By Charles Lam
By R. Scott Moxley
By Taylor Hamby
By Matt Coker
By R. Scott Moxley
By Charles Lam
By LP Hastings
By Taylor Hamby
* * *
Like most high school students, we never bothered to ask about the man behind the performance, and Mr. Cross rarely volunteered information. But bits and pieces of the man's life emerged over the course of the school year. First name was Dennis. He was an orphan, raised by mean Methodist ladies in West Virginia who routinely rapped him on the knuckles and head with a ruler—that's why he threw stuff at us, Mr. Cross always claimed. Before coming to Anaheim, he served with the Marines—in my 1997 yearbook, there is a picture of Mr. Cross in his Marine uniform, smiling. And when his son went to see Tombstone,someone stole his car. That's about all we knew.
I remember only two anecdotes he ever shared about his career at Anaheim. One involved a famous Anaheim alum: according to Mr. Cross, the alum declined his invitation to speak at a student assembly during the 1980s because "too many Latino kids" were attending Anaheim by then. Whether the story was true or a misunderstanding or maybe a parable, the disgust etched on Mr. Cross' face every time he recounted it to us super-majority Latino sophomores and juniors was a sneer no one could fake.
Mr. Cross' other story was more palatable. Whenever my junior-year American history class was in danger of spinning out of control, Mr. Cross brought up Tom Daly. Daly is now the county's clerk-recorder, but he is a longtime presence in Anaheim politics, sitting on the Anaheim Union High School District board of trustees during the 1980s and also serving as mayor from 1990 through 2002. Mr. Cross used Daly as an example of a deviant who did well. Daly's sin? He and his fellow varsity baseball teammates wore white shoes on the diamond.
"I was on the varsity team, and we wanted to wear white shoes like the Oakland A's," Daly says, laughing at the memory. At the time, the Oakland A's were shocking the nation with their flamboyant style—long hair and mustaches, outsized personalities and the wearing of white shoes on the field.
"Mr. Cross wasn't even our coach anymore," Daly says. "He had been our coach the previous year in JV baseball and so knew almost everyone on the varsity squad. Someone must have told him about our plans, because one day he went up to some of us and groaned, 'Ah, come on. You're not going to wear white shoes!' When he'd see us on campus, he'd yell, 'Looking sharp, fellas,' and whistle. He thought we were a bunch of pansies."
That would have been Mr. Cross' second year at Anaheim High. It was a different time: the school was still overwhelmingly white and working-class; today it's more than 90 percent Latino. But student movements launched in the 1960s were still rolling through all aspects of Colonist life. Most affected was Anaheim's athletic department, a military-style institution run under the bespectacled visage of football coach Clare Van Horbeeke, the man who brought respectability to Orange County prep sports. In 1997's Anaheim Colonists Football: A Century of Tradition, author Dennis Bateman cited a 1970 interview Van Horbeeke gave to an AnaheimBulletinreporter lamenting that "fewer young men were willing to adhere to his regime. Long hair, drugs and disobedience were the product of this changing time, and Van hinted that because he would not change, that the time would come soon for him to go." Indeed, Van Hoorebeke would leave two years later after 22 years at Anaheim.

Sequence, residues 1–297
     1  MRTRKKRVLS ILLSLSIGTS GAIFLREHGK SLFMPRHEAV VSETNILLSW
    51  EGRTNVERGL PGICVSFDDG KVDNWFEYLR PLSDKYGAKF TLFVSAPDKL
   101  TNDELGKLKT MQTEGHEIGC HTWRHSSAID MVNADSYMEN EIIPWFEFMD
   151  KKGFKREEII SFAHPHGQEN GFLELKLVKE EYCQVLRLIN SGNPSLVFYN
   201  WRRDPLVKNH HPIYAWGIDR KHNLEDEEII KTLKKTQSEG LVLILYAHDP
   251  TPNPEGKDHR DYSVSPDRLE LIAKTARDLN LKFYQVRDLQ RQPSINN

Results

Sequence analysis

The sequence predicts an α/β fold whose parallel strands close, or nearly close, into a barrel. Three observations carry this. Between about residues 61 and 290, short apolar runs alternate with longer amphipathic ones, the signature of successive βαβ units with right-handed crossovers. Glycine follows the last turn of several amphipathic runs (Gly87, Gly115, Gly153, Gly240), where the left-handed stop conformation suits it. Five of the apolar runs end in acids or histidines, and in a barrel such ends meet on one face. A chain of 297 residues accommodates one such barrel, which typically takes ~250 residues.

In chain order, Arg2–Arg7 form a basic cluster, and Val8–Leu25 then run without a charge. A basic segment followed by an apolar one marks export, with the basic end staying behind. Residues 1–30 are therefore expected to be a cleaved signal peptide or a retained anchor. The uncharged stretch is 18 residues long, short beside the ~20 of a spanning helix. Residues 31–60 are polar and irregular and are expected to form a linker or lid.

Mr. Cross was more resilient, and of course younger. He brought to sports a strict team policy, according to Daly. No cussing. Clean uniform. And shine those black cleats until you could see yourself in them.
At first, Daly had what he calls "an attitude" and didn't think much of Mr. Cross. No one did.
"The first week we had him as a coach, we weren't sure we liked him," says Daly. Cross, who had no previous baseball experience, was thrust into the JV baseball head coach position almost as soon as Anaheim High hired him. "Our first impression was that he was underqualified to coach us big shots. But as the weeks went by, we realized what a quality guy he was and how much he cared for us. He would put in reserves at the end of the game when the score was close. We would complain, 'Why are you putting so-and-so in when we don't want him?' And Mr. Cross would say he was doing it because he wanted to.
"By the end of the season, we realized his lessons were about something else," continued Daly. "It was about our demeanor, not so much the technicalities of baseball, but our conduct—the way we treated each other. Did he knock us out with strategies on the suicide squeeze? Not really. But winning wasn't everything to him."
Daly remembers one of his teammates who had just immigrated from Mexico and barely spoke English. "At first, the rest of the team wasn't sure what to do with him," Daly said. "But Mr. Cross treated him just like everyone else, and he encouraged us to treat him like a teammate. And it happened—we became a very close team.
"For Anaheim High at the time, it was all about winning," continues Daly. "It didn't matter how you got there; it was about winning. It wasn't about character development or other priorities—it was about winning. Mr. Cross was the opposite. He wanted us to grow into manhood."
Daly hasn't spoken much to Cross since graduating in 1971. "I only had Cross for five months, and that was during my junior year." he says. "I'd figured he'd already retired. But I've never heard a negative word about him in all my years since—only the description of respect."